In an unstunning (I called it!) development this week the United States Supreme Court ruled in ABC v. Aereo that Aereo’s antenna-based television streaming service violated copyright protections. This has effectively shut down the company, which, it seems, no one uses but many people are sympathetic to. Here is a letter from Aereo, which is now all that seems to remain of the company’s website.
It should surprise no one that the highest court in the land has sided with the broadcasters. The fact that the airwaves they use belong to the people seems to have been lost on the justices. Aereo used antennas to capture and record TV signals, then allowed subscribers to watch programs when they wanted. This same issue went to the court waaaay back when betamax was new and the argument by he TV networks was that they’d be crushed by piracy and that would be the end of TV.
Well, that certainly didn’t happen, and it seems very unlikely that Aereo was going to kill TV, either. I’d imagine a similar fight would have happened when the DVR came around, except that the telecoms decided this was a handy thing to bundle into cable and satellite service, and when the telecoms get behind something that pretty much insures its survival.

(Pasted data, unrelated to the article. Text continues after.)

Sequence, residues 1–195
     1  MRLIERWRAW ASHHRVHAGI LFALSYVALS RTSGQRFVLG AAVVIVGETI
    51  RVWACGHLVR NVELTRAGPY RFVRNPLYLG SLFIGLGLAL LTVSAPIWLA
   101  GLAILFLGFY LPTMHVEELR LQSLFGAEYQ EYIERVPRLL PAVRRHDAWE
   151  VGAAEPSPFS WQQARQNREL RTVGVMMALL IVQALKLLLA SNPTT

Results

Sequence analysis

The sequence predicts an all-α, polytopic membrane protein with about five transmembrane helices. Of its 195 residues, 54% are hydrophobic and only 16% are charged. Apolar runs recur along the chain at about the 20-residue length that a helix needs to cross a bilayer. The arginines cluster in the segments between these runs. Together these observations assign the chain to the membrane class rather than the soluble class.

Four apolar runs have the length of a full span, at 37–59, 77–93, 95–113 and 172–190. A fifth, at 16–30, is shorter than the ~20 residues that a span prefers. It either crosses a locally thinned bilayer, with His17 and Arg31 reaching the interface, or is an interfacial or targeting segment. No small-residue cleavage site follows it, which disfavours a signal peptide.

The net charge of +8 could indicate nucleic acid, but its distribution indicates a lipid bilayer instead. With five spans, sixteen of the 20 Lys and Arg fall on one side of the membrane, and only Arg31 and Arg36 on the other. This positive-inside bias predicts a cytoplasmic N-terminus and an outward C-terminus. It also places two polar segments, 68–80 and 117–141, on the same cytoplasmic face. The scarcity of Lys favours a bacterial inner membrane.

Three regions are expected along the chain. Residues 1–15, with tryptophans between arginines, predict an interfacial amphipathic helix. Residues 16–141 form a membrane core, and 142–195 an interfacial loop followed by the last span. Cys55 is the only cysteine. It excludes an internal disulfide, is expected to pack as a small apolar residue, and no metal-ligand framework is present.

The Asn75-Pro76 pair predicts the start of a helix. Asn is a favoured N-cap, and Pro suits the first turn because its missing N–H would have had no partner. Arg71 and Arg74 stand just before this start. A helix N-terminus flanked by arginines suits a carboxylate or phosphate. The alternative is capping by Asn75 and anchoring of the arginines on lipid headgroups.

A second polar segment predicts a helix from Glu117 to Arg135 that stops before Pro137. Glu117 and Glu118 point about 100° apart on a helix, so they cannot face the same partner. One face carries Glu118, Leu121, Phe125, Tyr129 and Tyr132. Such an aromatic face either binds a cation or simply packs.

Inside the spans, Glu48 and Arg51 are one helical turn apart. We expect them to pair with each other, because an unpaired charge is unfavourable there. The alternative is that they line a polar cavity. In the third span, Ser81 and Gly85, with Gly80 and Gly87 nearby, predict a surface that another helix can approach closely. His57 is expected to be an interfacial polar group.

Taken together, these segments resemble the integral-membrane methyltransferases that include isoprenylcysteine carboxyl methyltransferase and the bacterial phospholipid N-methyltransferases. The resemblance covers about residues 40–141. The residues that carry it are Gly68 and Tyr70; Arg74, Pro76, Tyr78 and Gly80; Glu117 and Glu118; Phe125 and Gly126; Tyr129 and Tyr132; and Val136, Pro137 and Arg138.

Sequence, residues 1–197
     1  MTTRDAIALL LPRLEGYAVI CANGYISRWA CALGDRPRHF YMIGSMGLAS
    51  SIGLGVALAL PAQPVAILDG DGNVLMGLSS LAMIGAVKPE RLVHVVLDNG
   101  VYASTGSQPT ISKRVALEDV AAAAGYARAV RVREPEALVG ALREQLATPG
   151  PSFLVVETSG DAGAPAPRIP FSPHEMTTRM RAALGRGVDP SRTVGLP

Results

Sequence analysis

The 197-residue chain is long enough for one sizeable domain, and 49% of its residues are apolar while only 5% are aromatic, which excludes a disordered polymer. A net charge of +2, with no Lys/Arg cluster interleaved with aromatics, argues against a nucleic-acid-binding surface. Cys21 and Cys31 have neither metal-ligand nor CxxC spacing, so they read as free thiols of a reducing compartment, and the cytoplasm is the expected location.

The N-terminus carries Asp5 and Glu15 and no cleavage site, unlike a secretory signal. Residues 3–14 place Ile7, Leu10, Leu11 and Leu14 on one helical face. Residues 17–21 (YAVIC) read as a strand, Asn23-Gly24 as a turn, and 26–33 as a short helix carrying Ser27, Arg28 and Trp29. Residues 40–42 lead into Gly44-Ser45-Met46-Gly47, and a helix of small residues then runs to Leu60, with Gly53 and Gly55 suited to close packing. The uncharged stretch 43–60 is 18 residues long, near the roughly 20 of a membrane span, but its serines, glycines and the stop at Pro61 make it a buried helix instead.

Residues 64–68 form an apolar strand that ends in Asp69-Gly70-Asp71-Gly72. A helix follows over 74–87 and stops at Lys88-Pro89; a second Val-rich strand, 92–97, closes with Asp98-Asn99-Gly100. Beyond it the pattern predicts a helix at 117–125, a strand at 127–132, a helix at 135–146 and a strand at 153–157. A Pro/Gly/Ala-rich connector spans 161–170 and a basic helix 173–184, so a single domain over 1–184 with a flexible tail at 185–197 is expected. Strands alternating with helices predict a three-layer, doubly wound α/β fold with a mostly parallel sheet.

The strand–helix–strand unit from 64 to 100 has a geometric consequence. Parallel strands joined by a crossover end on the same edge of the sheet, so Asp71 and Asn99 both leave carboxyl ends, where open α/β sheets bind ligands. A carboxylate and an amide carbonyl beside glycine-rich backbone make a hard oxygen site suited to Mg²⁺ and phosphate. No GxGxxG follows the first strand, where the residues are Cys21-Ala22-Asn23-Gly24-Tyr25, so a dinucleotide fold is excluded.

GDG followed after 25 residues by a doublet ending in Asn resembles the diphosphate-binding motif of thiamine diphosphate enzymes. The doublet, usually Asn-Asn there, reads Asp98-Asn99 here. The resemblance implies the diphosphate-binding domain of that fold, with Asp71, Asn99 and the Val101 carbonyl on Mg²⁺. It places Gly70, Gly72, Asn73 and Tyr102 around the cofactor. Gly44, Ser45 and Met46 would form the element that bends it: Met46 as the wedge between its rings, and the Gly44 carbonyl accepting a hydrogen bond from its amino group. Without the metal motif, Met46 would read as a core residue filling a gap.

Now we wait and see if this ruling causes more cases to call into question the legality of other cloud-based data services. Could it be illegal to email yourself a news article? Or store songs you already paid for on Dropbox? Who knows! American copyright law is confusing and often counterproductive to innovation (and the subsequent economic growth that comes with it). This may not destroy the internet but it will almost certainly have a chilling effect on technological innovation in the entertainment/media industry. But even that can create new technologies and services–without the the courts and congress killing filesharing (like Napster) we’d possibly not have Pandora and other such streaming services… or maybe it would still be ad-free and we’d all be missing out on valuable ads.